Doctors have different methods to test for prediabetes and diabetes. The insulin resistance tests are complicated and are usually used for research purposes. The testing starts with:

  • Questions related to family history: Doctors ask this to know if there are any blood relatives who are/were diagnosed with diabetes or prediabetes or insulin resistance.
  • Physical exam: This is done to calculate the weight and height. Knowing this will make the doctors aware if the patient is obese or not.
  • The next step is the different tests i.e. blood tests & other tests that can be done.

Knowing these tests & procedures helps you further understand the question, ‘What is insulin resistance?’. Read on.

A1C test: 

This test is one way to diagnose diabetes or prediabetes. This test is done to know the average blood sugar level for a period of two to three months. If one is already diagnosed with diabetes, this test helps to know if the blood sugar levels are under control or not. The metrics and the respective results for this test are as follows. 

In A1C, if the results are <5.7 per cent it means the levels are normal. For a score between 5.7 – 6.4 per cent, it infers that the patient is diagnosed with prediabetes. For scores equal to and above 6.5 per cent, it infers that the patient is diagnosed with diabetes.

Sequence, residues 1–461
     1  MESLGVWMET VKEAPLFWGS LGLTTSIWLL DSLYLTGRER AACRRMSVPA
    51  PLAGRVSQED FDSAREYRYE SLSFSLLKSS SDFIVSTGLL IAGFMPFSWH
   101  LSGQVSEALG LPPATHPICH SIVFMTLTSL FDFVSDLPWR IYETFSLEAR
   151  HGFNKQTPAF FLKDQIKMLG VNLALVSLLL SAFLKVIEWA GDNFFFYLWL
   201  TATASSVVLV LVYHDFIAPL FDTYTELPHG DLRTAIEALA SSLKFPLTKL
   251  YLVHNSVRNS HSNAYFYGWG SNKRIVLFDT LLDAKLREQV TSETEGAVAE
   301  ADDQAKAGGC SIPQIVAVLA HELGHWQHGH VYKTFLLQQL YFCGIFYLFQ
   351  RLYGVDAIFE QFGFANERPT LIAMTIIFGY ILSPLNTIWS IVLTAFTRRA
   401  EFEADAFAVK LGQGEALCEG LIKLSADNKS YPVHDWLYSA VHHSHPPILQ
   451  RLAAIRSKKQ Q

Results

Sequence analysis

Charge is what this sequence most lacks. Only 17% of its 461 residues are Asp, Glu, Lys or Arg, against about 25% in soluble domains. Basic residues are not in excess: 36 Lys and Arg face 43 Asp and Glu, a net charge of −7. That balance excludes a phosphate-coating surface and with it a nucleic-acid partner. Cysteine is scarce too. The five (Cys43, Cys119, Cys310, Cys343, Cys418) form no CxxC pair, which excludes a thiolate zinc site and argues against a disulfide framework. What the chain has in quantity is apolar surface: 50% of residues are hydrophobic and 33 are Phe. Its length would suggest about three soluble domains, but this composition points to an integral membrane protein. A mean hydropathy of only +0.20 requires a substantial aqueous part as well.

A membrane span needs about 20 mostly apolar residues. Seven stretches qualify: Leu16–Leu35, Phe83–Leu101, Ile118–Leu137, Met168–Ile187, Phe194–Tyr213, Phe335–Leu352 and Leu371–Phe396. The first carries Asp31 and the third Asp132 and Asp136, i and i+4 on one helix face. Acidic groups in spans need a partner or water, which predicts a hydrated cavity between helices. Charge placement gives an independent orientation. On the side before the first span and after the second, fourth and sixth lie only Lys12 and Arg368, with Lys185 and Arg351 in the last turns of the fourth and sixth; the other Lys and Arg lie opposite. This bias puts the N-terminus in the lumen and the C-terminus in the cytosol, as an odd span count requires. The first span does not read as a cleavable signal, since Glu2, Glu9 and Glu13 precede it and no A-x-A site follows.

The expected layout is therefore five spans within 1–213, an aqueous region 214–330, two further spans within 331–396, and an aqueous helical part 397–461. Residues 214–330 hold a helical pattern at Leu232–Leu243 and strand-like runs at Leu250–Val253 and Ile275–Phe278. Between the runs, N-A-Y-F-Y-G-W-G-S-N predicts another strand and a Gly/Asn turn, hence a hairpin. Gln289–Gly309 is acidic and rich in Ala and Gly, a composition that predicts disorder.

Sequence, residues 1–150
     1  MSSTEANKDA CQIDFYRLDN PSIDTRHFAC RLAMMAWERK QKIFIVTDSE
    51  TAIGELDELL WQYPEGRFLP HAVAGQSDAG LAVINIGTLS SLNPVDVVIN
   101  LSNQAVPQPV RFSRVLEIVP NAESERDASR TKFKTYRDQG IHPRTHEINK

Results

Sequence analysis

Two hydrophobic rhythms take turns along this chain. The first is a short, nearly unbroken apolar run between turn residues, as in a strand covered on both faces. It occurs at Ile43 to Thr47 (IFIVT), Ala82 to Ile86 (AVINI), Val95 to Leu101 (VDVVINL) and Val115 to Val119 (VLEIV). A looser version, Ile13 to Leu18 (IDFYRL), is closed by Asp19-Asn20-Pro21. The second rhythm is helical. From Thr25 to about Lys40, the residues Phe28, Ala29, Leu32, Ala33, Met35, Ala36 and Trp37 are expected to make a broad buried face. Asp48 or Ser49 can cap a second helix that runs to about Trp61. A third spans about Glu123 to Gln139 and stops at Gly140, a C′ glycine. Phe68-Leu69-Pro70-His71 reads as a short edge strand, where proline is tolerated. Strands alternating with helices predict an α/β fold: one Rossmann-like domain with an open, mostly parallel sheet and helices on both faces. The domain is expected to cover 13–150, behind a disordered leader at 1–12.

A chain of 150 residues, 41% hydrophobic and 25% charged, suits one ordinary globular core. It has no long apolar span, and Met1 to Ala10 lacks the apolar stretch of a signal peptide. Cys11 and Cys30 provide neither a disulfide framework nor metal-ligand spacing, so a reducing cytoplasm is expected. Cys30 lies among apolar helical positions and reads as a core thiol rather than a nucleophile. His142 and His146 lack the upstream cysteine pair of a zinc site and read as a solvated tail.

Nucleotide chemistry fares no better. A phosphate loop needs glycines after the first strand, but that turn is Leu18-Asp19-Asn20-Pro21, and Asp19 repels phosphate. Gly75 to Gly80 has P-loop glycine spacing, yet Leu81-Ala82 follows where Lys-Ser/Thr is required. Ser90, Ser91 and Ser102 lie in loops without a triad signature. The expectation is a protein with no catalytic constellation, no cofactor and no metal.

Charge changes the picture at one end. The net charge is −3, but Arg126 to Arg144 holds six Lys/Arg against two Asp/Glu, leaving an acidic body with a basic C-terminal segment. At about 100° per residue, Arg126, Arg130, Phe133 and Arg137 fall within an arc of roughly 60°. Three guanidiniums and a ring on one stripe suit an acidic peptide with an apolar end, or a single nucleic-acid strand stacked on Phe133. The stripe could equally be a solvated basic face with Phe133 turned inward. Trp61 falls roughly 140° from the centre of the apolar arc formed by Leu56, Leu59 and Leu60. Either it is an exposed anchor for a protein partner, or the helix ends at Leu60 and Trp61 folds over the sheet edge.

Fasting Plasma Glucose test: 

This test is done after not eating or drinking for a minimum period of 8 hours. This test gives the fasting blood sugar level. When the test gives a high level of glucose as a result, the doctor usually asks for the test to be taken for the second time.  This is done to confirm the readings. The test metrics and results are as follows:

Blood sugar levels under 100 mg/dL (milligrams/deciliter) are considered to be normal. Levels between 100 and 125 mg/dL mean that the person is diagnosed with prediabetes. For levels equal to and above 126 mg/dL indicates diabetes. 

Glucose tolerance testing:

This 2-hour testing process is used to diagnose prediabetes and diabetes. First, the fasting glucose level is measured. Now a sugary drink is provided. This drink is pre-measured on all-important metrics. After 2 hours, the blood sugar level is again measured. This test is done to understand how the body handles glucose after a meal. 

After two hours, if the blood sugar level is below 140 mg/dL, it is considered to be normal. If the level is between 140 and 199 mg/dL, it indicates prediabetes. For levels equal to and above 200 mg/dL, it is inferred that the patient is diagnosed with diabetes.

Random glucose test:

This test is not usually recommended by experts and doctors. It involves medical practitioners checking the blood glucose level during any time of the day. One shouldn’t infer anything just with the results of random glucose tests. 

To delve deeper into understanding ‘what is insulin resistance?’ & to know how to reverse insulin resistance read further.

How to reverse insulin resistance?

Some ways of reversing or preventing insulin resistance are as follows:

  • Exercise: Some kind of physical activity can prove to be very effective
  • Quit smoking
  • Reducing sugar intake especially sweetened beverages
  • Intake of supplements like Berberine can increase insulin sensitivity
  • Losing weight or belly fat
  • Healthy lifestyle
  • Having a healthy high-fibre diet

what is insulin resistance